Worship as LanguageBlog / Produced by The High Calling
I'm not sure if you've noticed this, but churches are caught in the throes of a war over music and worship. Have been for close to 20 years I would say. At issue is the kind of music we will use when we worship together. You might think the issue is theological, but it mostly isn't. Sure some of the hymns are all but incomprehensible to modern people, but most of the hymns we can understand and most contain good theology. Sure some of the modern songs can be a little repetitive, but repetitive prayer is a classic form, and most of those songs get their words from the book of Psalms, so you can't very well call them shallow and modern. It's really a question of style, and nowhere is the temptation to become snobbish greater than with our art forms. So we have a world facing all kinds of problems, the Church is fast losing her good reputation and her reputation for relevance, and in the middle of this people are fighting over what songs we're going to sing and exactly how we will sing them. Blake Coffee of "Church Whisperer " has posted some very wise words on this subject. He likens church music to language. And the question is, will you always demand that everyone speak your language, or will you take the time to learn even a few words of someone else's mother tongue? He is calling the Church to task, doing so gently, and with eloquence. Don't miss this.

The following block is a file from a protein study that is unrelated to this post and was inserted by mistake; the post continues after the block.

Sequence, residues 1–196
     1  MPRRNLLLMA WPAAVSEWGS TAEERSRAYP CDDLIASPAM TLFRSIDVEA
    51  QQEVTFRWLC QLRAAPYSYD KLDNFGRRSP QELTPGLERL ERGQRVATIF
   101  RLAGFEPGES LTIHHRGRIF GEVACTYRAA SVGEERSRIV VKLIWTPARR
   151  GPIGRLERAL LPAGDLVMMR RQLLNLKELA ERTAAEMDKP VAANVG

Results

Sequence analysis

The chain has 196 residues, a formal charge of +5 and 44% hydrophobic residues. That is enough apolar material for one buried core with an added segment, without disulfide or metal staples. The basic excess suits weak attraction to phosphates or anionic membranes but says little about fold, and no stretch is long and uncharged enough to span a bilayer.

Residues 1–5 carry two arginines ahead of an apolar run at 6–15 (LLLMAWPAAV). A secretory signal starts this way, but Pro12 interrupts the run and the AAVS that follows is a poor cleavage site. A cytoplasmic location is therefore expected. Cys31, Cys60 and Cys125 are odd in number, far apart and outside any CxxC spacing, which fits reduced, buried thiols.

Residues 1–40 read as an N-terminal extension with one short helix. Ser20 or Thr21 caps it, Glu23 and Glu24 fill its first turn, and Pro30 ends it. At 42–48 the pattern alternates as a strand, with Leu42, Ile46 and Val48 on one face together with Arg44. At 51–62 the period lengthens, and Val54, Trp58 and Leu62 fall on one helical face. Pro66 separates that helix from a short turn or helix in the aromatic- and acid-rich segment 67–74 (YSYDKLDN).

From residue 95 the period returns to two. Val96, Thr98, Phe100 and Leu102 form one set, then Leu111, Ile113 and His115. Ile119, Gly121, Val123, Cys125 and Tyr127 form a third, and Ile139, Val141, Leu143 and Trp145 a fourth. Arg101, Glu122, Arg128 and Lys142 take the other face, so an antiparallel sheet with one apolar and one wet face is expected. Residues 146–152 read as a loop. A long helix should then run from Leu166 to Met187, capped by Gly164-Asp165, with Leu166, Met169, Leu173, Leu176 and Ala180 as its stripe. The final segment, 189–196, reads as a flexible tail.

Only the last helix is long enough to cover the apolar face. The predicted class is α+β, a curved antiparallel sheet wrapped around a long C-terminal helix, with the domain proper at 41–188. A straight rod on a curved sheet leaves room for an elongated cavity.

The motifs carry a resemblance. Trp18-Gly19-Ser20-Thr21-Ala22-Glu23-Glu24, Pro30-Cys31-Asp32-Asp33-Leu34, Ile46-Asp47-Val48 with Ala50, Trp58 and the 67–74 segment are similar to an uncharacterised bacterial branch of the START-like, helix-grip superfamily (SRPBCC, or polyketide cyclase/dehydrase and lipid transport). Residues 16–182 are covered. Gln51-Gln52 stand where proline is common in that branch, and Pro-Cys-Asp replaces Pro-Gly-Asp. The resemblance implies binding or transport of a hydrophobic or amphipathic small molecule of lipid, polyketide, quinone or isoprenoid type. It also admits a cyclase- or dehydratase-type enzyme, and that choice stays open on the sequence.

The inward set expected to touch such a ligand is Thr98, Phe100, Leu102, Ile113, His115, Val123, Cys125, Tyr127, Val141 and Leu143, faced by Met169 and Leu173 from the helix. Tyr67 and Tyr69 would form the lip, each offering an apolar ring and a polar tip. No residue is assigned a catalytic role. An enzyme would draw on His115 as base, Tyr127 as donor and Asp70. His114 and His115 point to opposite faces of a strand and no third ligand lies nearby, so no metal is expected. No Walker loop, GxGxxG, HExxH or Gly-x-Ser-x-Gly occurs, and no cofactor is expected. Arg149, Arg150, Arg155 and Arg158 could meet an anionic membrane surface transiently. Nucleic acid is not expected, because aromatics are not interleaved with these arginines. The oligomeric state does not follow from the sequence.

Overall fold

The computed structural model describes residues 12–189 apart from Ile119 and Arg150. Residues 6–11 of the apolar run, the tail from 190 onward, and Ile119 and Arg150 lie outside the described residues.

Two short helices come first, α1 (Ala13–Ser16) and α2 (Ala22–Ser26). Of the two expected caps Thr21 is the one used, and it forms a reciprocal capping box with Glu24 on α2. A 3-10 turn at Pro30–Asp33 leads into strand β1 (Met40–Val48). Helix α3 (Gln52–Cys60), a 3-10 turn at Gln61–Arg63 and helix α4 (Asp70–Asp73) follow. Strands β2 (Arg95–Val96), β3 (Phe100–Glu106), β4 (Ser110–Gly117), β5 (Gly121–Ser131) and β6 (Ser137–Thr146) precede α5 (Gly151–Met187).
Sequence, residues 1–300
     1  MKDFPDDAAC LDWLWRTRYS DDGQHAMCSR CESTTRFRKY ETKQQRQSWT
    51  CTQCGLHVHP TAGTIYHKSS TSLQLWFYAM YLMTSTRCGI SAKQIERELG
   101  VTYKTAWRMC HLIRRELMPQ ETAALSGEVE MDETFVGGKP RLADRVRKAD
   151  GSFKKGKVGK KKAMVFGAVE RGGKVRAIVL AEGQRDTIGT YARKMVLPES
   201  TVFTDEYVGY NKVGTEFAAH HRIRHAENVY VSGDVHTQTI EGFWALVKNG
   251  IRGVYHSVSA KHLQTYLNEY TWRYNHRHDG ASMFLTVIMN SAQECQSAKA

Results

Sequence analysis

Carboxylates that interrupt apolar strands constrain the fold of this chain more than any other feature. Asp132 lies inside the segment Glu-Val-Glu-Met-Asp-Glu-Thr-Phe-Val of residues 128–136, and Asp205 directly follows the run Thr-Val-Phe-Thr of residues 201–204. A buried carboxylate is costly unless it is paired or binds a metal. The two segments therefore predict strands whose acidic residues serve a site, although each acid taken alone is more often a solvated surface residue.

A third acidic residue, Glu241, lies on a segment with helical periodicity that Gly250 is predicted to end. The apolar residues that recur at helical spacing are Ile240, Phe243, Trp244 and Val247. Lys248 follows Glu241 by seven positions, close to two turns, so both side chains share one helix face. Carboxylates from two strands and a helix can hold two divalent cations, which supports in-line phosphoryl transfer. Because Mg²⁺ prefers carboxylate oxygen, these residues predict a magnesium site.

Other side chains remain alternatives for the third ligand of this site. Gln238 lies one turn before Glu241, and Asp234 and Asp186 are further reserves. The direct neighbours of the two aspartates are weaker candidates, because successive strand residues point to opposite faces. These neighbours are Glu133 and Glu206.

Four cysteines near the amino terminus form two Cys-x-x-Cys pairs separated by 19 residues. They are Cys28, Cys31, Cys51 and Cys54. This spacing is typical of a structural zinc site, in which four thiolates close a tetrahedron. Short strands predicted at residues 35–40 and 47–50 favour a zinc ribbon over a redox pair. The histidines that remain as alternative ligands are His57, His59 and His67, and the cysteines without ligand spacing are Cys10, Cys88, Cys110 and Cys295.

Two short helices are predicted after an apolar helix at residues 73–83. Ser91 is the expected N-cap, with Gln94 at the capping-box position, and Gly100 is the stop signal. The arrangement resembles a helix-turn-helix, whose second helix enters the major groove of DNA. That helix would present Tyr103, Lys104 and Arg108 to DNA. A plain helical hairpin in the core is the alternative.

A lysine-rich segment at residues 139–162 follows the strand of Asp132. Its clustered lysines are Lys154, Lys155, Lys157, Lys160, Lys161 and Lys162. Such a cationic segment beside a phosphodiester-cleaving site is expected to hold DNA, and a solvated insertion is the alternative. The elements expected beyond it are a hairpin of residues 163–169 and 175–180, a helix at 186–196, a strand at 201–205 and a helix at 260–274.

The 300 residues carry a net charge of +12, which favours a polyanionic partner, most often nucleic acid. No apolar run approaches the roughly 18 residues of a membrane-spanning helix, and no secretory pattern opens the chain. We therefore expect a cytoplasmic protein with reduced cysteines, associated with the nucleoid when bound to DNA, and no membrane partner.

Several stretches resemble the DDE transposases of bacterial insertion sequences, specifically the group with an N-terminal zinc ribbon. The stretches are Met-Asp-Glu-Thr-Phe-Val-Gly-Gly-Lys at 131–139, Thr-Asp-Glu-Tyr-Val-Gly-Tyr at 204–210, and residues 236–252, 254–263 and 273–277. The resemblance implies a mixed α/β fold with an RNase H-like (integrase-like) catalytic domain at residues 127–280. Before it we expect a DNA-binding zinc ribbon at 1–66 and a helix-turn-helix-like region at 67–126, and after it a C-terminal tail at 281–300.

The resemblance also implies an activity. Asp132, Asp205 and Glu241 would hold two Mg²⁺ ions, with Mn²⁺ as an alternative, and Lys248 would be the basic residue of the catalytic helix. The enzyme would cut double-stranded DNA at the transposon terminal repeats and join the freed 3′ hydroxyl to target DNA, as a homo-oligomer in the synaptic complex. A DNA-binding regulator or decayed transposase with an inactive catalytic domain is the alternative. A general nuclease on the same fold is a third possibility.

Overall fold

Imagine this: you feel inspired to adopt a few children. You’ve always wanted a larger family and your (and your spouse’s) heart is breaking for the children around the world who are in need of Godly parents. So, you adopt one Chinese child, one Russian child, and one child who is hearing impaired. For now, each of them only speaks their language (Chinese, Russian, and sign). It’s your first night all together at the dinner table. You, your spouse and your three new children are all seated, staring at one another over a pot roast lovingly prepared by you. Here is my question: what language(s) will you speak at the table? Maybe the more important question, the one more pertinent for the purposes of this post, is this: will you love these children enough to learn some words in their language(s), or will you coldly refuse to learn a single word in their language and just wait for them to learn yours? ... Read More